⦁ To be valid, the just cause of loss of trust and confidence should comply with prescribed standards.
[T]he language of Article 282(c) of the Labor Code states that the loss of trust and confidence must be based on willful breach of the trust reposed in the employee by his employer. Such breach is willful if it is done intentionally, knowingly, and purposely, without justifiable excuse, as distinguished from an act done carelessly, thoughtlessly, heedlessly or inadvertently. (Cruz, Jr. v. CA, G.R. No. 148544, 12 July 2006)
Generally, employers are given wide latitude in terminating the services of employees who perform functions which by their nature require the employer’s full trust and confidence. It is well established that an employer cannot be compelled to continue in employment an employee guilty of acts inimical to the interest of the employer and justifying loss of confidence in him. It has been held that when an employee has been guilty of breach of trust or his employer has ample reason to distrust him, a labor tribunal cannot deny the employer the authority to dismiss him. (University of the Immaculate Conception v. Office of the Secretary of Labor and Employment, G.R. Nos. 178085-178086, 14 September 2015)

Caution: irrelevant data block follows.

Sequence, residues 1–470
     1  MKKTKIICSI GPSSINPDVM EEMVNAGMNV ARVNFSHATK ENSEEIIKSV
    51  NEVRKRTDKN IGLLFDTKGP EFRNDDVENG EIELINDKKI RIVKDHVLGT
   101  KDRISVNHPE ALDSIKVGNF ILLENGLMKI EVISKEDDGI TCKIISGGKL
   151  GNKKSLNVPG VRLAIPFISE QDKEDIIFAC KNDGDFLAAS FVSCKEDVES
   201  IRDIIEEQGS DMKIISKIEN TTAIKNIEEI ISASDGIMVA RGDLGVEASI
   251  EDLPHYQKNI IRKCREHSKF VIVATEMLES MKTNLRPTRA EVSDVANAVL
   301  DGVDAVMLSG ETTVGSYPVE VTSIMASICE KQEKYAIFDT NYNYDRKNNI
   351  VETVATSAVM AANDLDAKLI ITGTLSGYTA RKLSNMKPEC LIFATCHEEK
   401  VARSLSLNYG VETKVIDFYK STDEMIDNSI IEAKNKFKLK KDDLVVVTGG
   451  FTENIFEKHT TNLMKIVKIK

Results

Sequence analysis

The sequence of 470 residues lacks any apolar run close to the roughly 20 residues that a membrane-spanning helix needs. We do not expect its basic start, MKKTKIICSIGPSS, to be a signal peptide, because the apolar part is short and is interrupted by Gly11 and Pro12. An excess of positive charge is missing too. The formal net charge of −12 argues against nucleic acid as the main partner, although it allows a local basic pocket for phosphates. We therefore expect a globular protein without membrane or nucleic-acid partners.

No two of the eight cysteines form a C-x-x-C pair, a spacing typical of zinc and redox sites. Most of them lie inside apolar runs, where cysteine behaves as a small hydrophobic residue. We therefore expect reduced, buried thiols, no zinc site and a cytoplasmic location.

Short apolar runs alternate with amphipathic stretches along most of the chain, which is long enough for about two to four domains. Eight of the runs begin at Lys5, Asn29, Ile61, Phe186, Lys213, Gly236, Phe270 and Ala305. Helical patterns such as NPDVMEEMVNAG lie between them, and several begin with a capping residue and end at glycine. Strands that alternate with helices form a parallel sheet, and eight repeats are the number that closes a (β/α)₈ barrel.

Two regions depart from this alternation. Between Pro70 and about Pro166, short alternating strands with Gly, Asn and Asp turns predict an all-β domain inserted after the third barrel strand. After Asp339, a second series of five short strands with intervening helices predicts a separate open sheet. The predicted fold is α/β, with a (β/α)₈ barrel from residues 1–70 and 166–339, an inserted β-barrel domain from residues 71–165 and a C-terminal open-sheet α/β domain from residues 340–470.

As firmly entrenched in our jurisprudence, loss of trust and confidence, as a just cause for termination of employment, is premised on the fact that an employee concerned holds a position where greater trust is placed by manag...
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